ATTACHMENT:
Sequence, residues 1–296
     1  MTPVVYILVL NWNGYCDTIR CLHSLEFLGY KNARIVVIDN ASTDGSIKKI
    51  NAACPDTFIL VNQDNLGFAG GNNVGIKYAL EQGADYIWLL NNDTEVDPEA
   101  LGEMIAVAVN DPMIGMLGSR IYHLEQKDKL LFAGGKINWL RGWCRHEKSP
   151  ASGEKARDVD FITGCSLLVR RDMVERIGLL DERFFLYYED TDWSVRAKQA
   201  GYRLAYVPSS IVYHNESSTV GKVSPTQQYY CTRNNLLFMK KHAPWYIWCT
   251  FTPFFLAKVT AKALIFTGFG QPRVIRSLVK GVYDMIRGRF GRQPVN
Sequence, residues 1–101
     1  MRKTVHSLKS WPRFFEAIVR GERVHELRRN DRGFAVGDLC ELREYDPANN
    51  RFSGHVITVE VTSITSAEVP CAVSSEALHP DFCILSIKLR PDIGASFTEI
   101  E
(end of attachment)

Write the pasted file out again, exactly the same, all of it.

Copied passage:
Sequence, residues 1–296
     1  MTPVVYILVL NWNGYCDTIR CLHSLEFLGY KNARIVVIDN ASTDGSIKKI
    51  NAACPDTFIL VNQDNLGFAG GNNVGIKYAL EQGADYIWLL NNDTEVDPEA
   101  LGEMIAVAVN DPMIGMLGSR IYHLEQKDKL LFAGGKINWL RGWCRHEKSP
   151  ASGEKARDVD FITGCSLLVR RDMVERIGLL DERFFLYYED TDWSVRAKQA
   201  GYRLAYVPSS IVYHNESSTV GKVSPTQQYY CTRNNLLFMK KHAPWYIWCT
   251  FTPFFLAKVT AKALIFTGFG QPRVIRSLVK GVYDMIRGRF GRQPVN
Sequence, residues 1–101
     1  MRKTVHSLKS WPRFFEAIVR GERVHELRRN DRGFAVGDLC ELREYDPANN
    51  RFSGHVITVE VTSITSAEVP CAVSSEALHP DFCILSIKLR PDIGASFTEI
   101  E